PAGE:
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Dune Buggy

10307 Views 8 Replies 3 Participants Last post by  alanhalley
I live in Brazil and am thinking about converting a dune buggy to electric power.

There are several small manufacturers of buggies in Brazil. I have a choice of the traditional air-cooled VW engine or a modern water-cooled engine in a complete new car licensed to drive on the street.

And I can buy a chassis and body for either type engine and build my own buggy. I'm thinking that converting an air-cooled buggy to electric is relatively straightforward as there are kits available to purchase.

But I'd really rather have a modern suspension, like on the Super Buggy http://www.superbuggy.com.br/en/ficha-tecnica/.

Anyone have any thoughts on the feasibility of such a conversion? Motor, battery size?

Thanks for any ideas.

Alan
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go for a fully enclosed frame AC motor if you can. That way the motor won't get full of sand/dirt/mud. The 144V HPEVs AC system would provide plenty of power for a lightweight dune buggy when mated to a VW transaxle, but I think it is an open frame AC motor. No brushes, but still not ideal given the use case. Perhaps forced air cooling and filtration would be enough depending on how you want to use it. Another option would be to try and reuse the complete transaxle out of a production EV like the leaf, but you will need to either modify the inverter (replacing logic boards) or replicate the necessary CAN bus signals needed to make it work. Lots of people are working on both these angles for common OEM evs so monitor relevant threads.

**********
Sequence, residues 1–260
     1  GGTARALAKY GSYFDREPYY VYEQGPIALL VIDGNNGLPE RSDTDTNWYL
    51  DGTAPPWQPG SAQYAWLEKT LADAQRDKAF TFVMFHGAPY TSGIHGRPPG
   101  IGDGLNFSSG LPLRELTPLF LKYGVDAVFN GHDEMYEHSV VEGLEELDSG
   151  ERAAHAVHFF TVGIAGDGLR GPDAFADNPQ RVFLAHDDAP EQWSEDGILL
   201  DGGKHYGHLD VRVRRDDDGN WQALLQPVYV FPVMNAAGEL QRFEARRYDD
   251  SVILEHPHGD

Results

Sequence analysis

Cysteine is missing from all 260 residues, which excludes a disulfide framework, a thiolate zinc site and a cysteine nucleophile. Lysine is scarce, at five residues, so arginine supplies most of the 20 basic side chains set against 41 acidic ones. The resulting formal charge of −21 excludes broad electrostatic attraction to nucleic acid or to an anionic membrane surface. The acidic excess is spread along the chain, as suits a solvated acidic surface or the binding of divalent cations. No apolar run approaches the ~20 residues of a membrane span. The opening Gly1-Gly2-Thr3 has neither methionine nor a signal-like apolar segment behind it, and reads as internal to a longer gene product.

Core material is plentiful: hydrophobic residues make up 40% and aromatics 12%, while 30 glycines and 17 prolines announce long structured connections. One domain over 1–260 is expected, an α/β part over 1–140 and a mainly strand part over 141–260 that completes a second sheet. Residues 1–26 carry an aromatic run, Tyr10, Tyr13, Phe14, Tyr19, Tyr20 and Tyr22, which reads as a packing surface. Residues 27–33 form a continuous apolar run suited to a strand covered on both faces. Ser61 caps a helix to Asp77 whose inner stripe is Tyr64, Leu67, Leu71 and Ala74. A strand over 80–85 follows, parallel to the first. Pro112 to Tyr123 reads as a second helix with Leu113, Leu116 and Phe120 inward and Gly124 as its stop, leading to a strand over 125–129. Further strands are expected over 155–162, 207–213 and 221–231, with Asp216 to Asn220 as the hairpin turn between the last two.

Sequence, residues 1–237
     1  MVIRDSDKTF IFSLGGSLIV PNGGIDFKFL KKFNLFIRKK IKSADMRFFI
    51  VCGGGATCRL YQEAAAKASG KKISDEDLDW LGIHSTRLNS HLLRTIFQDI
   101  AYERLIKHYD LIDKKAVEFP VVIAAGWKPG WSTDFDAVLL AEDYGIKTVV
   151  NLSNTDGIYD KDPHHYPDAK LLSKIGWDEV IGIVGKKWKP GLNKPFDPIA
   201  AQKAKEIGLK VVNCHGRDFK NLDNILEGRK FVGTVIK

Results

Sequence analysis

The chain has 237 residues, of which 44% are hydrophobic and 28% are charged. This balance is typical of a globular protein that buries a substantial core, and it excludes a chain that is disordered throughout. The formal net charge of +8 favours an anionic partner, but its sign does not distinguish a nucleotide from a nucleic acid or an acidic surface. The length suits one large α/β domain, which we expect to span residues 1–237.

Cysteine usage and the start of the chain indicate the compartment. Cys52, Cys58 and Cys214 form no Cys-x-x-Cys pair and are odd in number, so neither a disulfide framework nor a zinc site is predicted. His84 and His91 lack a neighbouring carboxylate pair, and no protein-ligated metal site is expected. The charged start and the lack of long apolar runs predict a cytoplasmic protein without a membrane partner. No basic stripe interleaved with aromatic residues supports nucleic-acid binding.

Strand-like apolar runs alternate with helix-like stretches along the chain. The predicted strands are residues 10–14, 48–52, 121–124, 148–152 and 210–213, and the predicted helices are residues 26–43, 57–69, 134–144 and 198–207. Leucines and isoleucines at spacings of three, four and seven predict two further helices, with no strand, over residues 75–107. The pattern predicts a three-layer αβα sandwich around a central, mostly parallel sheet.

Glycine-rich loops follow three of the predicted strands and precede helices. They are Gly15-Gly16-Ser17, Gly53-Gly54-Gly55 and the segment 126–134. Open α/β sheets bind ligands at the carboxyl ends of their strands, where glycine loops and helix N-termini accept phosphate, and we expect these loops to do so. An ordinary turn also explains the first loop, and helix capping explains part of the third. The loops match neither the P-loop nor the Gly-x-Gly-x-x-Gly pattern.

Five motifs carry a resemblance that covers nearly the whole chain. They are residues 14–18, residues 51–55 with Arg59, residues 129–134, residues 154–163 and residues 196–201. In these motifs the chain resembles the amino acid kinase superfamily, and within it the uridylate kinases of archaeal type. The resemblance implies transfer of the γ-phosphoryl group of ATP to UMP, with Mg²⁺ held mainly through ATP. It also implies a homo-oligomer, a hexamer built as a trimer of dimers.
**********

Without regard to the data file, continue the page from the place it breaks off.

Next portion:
Battery size would be very dependent on your use case. bombing around in the sand is going to use a lot more wh/mile then cruising on the street so the best way to estimate run time might be to compare gallons/hr energy burn how you like to drive and convert that to likely electric power endurance. For example if a dune buggy burns 4 gallons/hr of gasoline that is equivalent to 125kwh of energy. However off road where you are constantly varying throttle and not cruising steadily it is likely that the electric drive train would be 4 or 5 times (if not more) more efficient, meaning you would need a battery with usable capacity of 25-30kwh to get the same run time assuming same weight, conditions, driving style. The 2016+ nissan leaf at least in USA has a 30kwh / 24kwh usable battery. The 2018+ leaf will have a ~60kwh pack.

It is likely the dune buggy will gain signficant weight over its gas counterpart owing to the battery pack weight (there isn't much weight to take off in an air cooled buggy during the conversion except the engine and gas tank) so factor that into your calculations.

Good luck.
 

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Discussion Starter · #3 ·
Use cases for a buggy:
1. Driving less than an hour to lunch on Sundays
2. Driving on the beach after lunch for an hour
3. Occasionally take it to the dunes for fun

The Super Buggy weighs 820 kg with a 100 hp VW Golf 1.6 liter water-cooled engine. It does zero to 60 mph in 10 seconds, which is adequate. A bit more power might be nice for climbing sand dunes.

It looks like the Leaf drivetrain might be suitable, but after watching the video of a Leaf running on a bench with the maze of wires, I’m wondering what I need to control the motor in a buggy with no power steering, no A/C, no navigation, etc.

Or can I buy something similar to the Bosch eAxle today that would be easier to drop into a buggy?
 

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The Super Buggy weighs 820 kg with a 100 hp VW Golf 1.6 liter water-cooled engine. It does zero to 60 mph in 10 seconds, which is adequate. A bit more power might be nice for climbing sand dunes.
I think expecting comparable or better performance than the Golf drivetrain with the drivetrain of a commercially-produced EV such as a Leaf would be reasonable... at relatively low speeds (true for the dunes), and if the vehicle is the same weight. Unfortunately, I would guess that the electric version would be heavier.
 

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Or can I buy something similar to the Bosch eAxle today that would be easier to drop into a buggy?